ESports hopefuls dare to dream big at Germany's Gamescom
As hundreds of thousands of gamers surge through the halls of Cologne's Gamescom trade fair, a select band ducks out of the throng into roped-off lounges and VIP sections to talk tactics and prize money—the professional eSports players.
Fast becoming one of the biggest trends in gaming, eSports sees teams of professional computer game players battle it out for cash prizes in front of giant audiences online or in real-life arenas with tens of thousands of seats.
A slightly-built 23-year-old from Slovakia, Martin Styk could easily have passed unnoticed at an event like Gamescom if it weren't for his bright red football-style shirt emblazoned with the logos of big-name sponsors like Vodafone and Dr. Pepper.
Under his online alter-ego Styko, German eSports team mousesports hired him in early August for his skills in the tactical shooter game Counter-Strike that pits insurgents against counter-terrorists.
"It's definitely not an easy task to become this kind of a player, but I can say so far it's really worth it," he said across the barrier to a VIP area—punctuated elsewhere by gawkers angling for a view into the lives of the energy drink-sipping pros.
Styk spends up to 10 hours a day practising his chosen game, a rhythm he's kept up for around two years since eSports became his full-time job.
On top of keeping their skills sharp, professional players maintain intense interaction with their fans, streaming live video of their playing sessions while chatting about their performance and posting a steady flow of tweets.
Even with the pressure to perform and to be available to fans, perks for an eSports pro can be attractive, with all-expenses-paid travel to tournaments or events like Gamescom, where mousesports played friendly matches against rival team Flipsid3 Tactics.
"We as the players are kind of living the dream while we're on the road. It's something that maybe will not last forever, but since I have it I want to enjoy it as much as I can," Styk said.
Billion dollar business
Dane Saief Al-Faour—whose team Meet Your Makers claimed the title of world champions in Battlefield 4 at Gamescom 2014—was a little more cautious at the height of his gaming career.
Now 32, he never quit his job as a software developer even back when prize money was rolling in.
That turned out to be the safer choice, as the combat game's star faded and the cash dried up.
"I've always been a hardcore Battlefield fan, I don't play for money. If I played for money then I would play something else," Al-Faour explained.
The most popular games can be lucrative. At Gamescom, some $237,000 (200,000 euros) was set to be distributed among winners of a Rainbow Six league, while contenders in a Playerunknown's Battlegrounds league had their sights on total prize money of $350,000.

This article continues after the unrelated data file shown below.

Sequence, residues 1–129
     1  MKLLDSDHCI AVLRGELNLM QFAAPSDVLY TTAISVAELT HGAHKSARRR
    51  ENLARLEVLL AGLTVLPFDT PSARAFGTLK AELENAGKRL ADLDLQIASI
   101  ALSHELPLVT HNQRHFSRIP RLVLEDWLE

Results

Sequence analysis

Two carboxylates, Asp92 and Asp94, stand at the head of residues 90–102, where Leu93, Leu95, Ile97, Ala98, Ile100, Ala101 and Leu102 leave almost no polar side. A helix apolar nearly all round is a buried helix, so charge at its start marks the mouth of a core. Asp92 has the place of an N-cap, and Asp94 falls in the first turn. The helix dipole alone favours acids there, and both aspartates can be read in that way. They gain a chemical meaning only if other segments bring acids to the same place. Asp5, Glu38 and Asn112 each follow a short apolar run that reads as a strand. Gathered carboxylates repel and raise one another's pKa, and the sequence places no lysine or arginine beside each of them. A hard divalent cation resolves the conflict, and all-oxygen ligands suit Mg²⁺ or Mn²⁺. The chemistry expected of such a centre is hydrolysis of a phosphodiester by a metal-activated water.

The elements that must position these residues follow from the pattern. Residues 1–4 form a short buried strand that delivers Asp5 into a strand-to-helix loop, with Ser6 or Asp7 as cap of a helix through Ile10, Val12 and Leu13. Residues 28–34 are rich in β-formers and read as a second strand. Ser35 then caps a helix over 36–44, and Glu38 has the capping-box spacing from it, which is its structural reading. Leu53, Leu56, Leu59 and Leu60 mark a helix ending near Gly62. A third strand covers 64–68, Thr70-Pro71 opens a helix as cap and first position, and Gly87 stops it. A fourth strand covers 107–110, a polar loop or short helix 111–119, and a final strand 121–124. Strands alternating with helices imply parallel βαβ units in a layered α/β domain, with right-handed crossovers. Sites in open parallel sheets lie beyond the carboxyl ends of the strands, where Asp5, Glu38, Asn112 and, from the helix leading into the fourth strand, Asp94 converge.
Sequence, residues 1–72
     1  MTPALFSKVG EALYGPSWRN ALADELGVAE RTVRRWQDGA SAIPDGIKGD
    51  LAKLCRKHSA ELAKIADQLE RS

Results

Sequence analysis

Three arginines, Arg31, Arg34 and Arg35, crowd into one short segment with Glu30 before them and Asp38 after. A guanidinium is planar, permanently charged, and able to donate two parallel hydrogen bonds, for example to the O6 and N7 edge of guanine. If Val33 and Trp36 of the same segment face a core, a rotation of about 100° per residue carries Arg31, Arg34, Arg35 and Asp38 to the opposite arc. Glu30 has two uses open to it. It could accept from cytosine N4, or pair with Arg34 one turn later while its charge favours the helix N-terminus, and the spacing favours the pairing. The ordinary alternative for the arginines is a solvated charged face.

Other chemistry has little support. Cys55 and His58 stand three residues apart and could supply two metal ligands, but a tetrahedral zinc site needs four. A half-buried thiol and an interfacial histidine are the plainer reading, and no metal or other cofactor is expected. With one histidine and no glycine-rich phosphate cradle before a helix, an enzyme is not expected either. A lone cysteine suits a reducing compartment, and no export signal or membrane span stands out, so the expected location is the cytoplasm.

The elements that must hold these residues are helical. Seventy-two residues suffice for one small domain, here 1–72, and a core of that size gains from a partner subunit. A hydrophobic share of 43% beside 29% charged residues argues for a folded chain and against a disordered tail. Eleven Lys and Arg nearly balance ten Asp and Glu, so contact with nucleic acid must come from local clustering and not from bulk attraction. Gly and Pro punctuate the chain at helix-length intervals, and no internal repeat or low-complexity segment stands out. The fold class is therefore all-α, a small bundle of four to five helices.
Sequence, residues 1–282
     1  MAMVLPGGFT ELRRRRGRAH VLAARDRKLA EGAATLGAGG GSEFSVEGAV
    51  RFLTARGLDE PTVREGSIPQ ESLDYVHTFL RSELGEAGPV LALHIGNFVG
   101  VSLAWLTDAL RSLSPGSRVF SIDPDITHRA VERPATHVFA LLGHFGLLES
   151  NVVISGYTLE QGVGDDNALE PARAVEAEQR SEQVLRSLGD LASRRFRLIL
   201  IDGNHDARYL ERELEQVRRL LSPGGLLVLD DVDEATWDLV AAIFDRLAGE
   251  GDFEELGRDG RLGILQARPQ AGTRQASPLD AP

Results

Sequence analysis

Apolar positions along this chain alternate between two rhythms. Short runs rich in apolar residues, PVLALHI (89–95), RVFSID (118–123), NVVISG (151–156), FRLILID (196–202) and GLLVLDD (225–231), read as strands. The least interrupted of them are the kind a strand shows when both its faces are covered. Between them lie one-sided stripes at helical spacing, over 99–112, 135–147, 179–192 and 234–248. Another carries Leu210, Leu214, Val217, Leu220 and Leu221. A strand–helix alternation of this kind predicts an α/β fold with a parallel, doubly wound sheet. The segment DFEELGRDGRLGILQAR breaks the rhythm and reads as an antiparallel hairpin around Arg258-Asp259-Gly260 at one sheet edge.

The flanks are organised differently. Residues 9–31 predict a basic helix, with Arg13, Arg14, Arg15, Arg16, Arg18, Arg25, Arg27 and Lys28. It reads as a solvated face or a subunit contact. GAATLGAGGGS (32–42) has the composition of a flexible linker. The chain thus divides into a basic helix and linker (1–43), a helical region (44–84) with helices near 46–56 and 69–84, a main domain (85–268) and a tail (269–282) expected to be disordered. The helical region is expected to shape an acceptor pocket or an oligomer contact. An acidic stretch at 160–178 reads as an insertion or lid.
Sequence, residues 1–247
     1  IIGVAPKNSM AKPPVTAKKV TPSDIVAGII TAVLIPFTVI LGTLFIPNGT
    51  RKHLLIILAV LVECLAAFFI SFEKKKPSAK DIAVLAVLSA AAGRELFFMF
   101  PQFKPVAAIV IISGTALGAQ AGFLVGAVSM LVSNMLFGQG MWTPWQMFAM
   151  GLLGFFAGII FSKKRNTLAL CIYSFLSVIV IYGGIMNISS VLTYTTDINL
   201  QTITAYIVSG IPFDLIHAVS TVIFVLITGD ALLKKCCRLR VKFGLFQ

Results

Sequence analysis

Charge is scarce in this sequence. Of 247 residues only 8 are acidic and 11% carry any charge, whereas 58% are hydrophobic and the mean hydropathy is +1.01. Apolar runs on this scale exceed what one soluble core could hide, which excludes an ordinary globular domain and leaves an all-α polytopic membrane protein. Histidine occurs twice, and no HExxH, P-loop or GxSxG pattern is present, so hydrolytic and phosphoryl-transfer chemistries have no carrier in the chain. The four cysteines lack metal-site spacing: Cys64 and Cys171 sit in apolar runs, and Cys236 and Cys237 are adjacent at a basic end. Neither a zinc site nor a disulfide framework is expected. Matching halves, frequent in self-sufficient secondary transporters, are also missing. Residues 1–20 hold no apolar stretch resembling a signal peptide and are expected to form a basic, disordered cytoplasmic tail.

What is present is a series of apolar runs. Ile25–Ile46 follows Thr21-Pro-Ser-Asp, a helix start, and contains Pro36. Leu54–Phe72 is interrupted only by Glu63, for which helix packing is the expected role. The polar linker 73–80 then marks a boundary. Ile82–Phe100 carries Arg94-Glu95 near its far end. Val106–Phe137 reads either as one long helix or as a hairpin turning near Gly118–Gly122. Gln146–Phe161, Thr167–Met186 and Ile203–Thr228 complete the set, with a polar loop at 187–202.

Al-Faour still nurtures hope that the latest instalment of the Battlefield franchise will propel the series back into big-time competitions.
But he's equally enthusiastic about other possibilities opening up in the field.
ESports "is changing a lot and we don't know where it's gonna take us, what the limit is," he said.
Estimates cited by the organisers of the E3 industry show in July suggest eSports could hit the threshold of $1 billion in revenue next year, five times its size in 2015.
ESports will be an official part of the Asian Games in Hangzhou, China in 2022 after a dry run at next year's event—although the oft-discussed prospect of gaming securing a place at the Olympics still appears remote.
And with more cash and larger crowds come new opportunities for insiders, like working as a talent spotter for big-name teams or offering on-camera analysis of live events.
"I'm getting too old for the game personally, but I would like to be more involved. I need to go for my passion, and my passion is eSports," Al-Faour said.
Even for those striving to break into the exclusive world of the professionals, gaming remains a passion rather than a piggy bank.
"Having a lot of money or getting a lot of fans isn't the goal. It's about playing and making people happy," said Fabian Robbe, a 21-year-old Call of Duty player from western Germany using his ample downtime as a student to hone his bid for the big leagues.
In any case, "only maybe one percent of people manage" to make a living from eSports, he pointed out. "That's why I'm focusing on my studies right now."
© 2017 AFP